When reconciliation goes through science

For generations, Canada’s First Nations have learned to use the plants around them to fight disease and heal wounds. But part of this knowledge was lost with the arrival of the Europeans.

Today, the elders are dedicated to transmitting this knowledge to the younger ones. Due to colonization, our people have become very skeptical because our way of life has been very demonized.says Florence Allen, an elder from the Peter Ballantyne Cree First Nation near Prince Albert.

But since I come from a line of healers [medicine people], was still practiced on the reservation where I lived. And when we left the reservation, we still had our medicine with us. If we hurt ourselves in the woods or were stung by a bee, we would take a leaf from a tree, chew it, put it on the stinger, and the swelling would go away.

Elder Florence Allen being interviewed.

Florence Allen is on the Canadian First Nations University Council of Elders.

Photo: Radio-Canada / Michel Riverin

Teaching indigenous knowledge at the university

For a long time, modern medicine paid little attention to traditional indigenous medicine. However, this is changing, thanks in part to the Canadian First Nations University in Saskatchewan. This institution, whose main building is in Regina, also has campuses in Saskatoon and Prince Albert. This one-of-a-kind university incorporates traditional indigenous knowledge into all of its programs, from the sciences to the arts.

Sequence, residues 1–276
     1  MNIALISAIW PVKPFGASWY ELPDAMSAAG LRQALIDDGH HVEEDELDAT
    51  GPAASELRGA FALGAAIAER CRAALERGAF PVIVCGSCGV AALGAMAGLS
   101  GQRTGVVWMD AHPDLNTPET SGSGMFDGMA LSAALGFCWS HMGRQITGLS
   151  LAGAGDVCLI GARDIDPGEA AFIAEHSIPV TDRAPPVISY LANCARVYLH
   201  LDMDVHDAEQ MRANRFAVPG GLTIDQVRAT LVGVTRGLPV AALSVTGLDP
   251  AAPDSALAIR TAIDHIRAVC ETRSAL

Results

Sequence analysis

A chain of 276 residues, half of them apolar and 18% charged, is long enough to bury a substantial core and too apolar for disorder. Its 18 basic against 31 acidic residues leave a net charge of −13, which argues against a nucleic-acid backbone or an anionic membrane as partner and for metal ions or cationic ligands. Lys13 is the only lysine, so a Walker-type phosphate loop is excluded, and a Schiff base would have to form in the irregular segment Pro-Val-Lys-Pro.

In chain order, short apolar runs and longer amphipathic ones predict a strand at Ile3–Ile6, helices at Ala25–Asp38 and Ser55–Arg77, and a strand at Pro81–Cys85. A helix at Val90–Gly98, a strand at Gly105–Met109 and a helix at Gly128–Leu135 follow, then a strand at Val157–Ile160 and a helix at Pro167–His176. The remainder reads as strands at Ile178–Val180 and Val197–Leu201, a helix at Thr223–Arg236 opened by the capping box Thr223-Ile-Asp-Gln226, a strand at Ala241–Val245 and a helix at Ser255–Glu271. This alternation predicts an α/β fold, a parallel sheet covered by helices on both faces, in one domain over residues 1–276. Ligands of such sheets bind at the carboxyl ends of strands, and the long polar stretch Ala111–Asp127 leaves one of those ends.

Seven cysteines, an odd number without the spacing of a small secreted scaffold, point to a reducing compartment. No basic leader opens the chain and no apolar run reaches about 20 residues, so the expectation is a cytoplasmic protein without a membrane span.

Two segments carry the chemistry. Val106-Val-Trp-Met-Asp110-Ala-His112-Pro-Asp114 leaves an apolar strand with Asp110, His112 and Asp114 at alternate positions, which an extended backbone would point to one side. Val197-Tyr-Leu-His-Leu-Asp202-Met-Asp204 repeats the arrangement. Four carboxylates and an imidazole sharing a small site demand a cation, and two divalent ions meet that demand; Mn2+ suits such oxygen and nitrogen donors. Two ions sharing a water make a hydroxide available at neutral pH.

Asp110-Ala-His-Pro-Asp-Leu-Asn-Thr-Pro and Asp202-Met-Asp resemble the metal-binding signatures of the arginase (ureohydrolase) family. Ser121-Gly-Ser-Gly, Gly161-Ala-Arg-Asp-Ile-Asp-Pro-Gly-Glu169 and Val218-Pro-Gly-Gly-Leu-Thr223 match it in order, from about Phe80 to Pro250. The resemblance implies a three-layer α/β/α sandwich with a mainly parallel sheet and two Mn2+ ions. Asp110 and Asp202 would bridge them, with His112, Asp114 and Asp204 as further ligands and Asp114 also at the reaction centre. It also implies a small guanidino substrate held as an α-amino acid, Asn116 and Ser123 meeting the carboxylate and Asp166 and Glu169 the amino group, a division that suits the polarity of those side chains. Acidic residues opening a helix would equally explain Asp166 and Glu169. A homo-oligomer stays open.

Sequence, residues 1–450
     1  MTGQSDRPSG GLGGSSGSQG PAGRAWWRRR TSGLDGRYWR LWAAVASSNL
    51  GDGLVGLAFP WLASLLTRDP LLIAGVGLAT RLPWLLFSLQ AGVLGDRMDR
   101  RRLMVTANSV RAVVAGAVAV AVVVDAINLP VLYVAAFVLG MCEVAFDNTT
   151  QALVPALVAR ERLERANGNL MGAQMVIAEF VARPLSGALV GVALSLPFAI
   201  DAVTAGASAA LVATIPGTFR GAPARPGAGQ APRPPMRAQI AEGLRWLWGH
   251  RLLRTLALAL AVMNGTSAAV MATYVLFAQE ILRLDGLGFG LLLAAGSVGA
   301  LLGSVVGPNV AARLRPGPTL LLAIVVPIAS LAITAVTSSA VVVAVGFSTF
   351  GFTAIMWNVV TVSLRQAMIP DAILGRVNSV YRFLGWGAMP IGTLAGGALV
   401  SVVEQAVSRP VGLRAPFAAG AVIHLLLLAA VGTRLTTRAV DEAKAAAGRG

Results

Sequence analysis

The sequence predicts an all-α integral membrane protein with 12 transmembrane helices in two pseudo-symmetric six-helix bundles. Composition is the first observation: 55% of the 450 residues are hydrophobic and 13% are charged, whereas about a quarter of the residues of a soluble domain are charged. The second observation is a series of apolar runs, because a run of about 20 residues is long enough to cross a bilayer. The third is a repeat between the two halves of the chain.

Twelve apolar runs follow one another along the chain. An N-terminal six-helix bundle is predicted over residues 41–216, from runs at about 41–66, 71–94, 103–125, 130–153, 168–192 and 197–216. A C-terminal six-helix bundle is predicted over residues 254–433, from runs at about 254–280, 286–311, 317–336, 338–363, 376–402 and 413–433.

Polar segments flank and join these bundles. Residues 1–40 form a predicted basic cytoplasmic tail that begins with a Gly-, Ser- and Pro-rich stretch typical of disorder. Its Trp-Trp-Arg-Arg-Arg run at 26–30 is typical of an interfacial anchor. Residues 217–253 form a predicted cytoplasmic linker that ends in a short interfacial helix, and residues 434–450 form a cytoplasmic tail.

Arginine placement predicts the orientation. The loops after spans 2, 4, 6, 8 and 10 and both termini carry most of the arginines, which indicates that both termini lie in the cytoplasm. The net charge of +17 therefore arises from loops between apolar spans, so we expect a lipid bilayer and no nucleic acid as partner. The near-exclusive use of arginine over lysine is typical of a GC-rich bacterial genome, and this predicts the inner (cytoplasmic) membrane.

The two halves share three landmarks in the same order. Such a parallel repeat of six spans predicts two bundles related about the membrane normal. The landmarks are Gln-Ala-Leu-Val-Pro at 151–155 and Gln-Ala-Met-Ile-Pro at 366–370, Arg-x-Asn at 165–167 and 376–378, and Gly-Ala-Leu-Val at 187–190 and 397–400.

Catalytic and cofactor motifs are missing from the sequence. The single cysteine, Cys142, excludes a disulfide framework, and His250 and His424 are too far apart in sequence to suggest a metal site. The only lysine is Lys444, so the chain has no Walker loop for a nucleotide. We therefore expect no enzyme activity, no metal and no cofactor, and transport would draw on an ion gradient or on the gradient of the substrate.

The main building of the First Nations University in Regina, Saskatchewan.

The Canadian First Nations University in Regina has been in existence for more than 45 years.

Photo: Radio-Canada / Michel Riverin

This was what prompted Juleah Duesing-Bird, a young woman of Aboriginal descent, to enroll in the science program at this university. My great-grandparents went through residential schools and that caused the displacement in my family. So my mushum [grand-père], who should have received all these cultural teachings, did not receive them. So I did not grow up with these teachings.she says.

You don’t normally see an institution like this that sees indigenous knowledge as part of Western science. »

a quote from Juleah Duesing-Bird, science student at the First Nations University of Canada
Juleah Duesing-Bird wearing a lab coat and protective goggles in a laboratory

Juleah Duesing-Bird studies science at the First Nations University of Canada.

Photo: Radio-Canada / Michel Riverin